ISOLA from Image Comics hits your local comic book store on April 4, and you should be excited for Brenden Fletcher and Karl Kerschl’s work, as they have created a fascinating new world.
About ISOLA #1:
The captain of the Royal Guard has fled the capital city with the Queen of Maar, who is suffering under the effects of an evil spell. Captain Rook’s only hope of returning Queen Olwyn to her throne, and saving the kingdom from impending war, lies on an island half a world away—a place known in myth as Isola, land of the dead.
The book is written by Brenden Fletcher, with art by Karl Kerschl, colors by Msassyk, and lettered by Aditya Bidikar.
Kerschl’s art is amazing with Msassyk’s colors. ISOLA has the feel of Lord of the Rings, the look of Akira, and the color palette of Don Bluth’s Dragon’s Lair. The tiger eyes of Queen of Maar are mesmerizing, and the fact that she can’t talk gives the book weight and silence. The movement and the action of the panels are top-notch. The first issue is filled with arrows and Kerschl’s art makes you jump out of the way of getting shot. ISOLA is one of the most gorgeous books of 2018. Msassyk’s colors build up to the action and yet are so relaxing, making this a pleasant read as you get caught staring at each panel.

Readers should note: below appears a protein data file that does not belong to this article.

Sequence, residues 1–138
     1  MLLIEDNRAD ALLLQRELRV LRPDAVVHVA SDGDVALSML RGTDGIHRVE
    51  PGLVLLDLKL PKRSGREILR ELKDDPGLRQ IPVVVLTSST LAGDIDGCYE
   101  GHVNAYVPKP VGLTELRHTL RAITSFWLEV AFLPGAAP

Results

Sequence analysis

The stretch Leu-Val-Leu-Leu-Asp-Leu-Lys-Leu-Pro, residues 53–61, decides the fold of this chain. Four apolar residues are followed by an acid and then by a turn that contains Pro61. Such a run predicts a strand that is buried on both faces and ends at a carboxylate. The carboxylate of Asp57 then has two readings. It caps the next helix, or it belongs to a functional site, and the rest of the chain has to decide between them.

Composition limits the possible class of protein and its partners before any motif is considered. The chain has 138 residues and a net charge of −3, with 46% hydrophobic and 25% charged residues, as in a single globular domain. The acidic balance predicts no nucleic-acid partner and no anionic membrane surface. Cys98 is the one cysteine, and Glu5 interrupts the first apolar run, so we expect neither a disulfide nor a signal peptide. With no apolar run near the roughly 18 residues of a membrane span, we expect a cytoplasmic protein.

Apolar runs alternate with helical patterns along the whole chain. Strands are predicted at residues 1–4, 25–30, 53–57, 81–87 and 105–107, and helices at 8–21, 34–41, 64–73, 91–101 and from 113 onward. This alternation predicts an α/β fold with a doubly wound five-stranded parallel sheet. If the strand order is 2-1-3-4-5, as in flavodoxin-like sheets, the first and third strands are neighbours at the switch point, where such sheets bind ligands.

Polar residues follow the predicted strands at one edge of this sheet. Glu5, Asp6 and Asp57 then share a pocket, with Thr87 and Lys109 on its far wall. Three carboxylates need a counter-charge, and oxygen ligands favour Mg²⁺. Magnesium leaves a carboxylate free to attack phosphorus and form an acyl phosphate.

ISOLA is one of the best-looking books of 2018.
Bidikar’s letters are great as well. He adds to the mystical world as opposed to distracting. The sound effects Bidikar uses in the book are original and fit well.
Fletcher does a decent job introducing the world and the main characters involved, while also leaving out a vast amount of information to peak the reader’s curiosity. The first issue is like looking through a keyhole into a room. When and where Fletcher opens up the door will be interesting for the reader. The only downside of the issue one is the lack of a cliffhanger as you approach the last page. You only get one shot to grab the reader; you should never hold back on a first issue as you might never get a chance on a second.
Overall, Kerschl’s art leads the way as Fletcher slowly reveals the world. Issue one is a must read, but issue two really needs to dig its claws into the reader.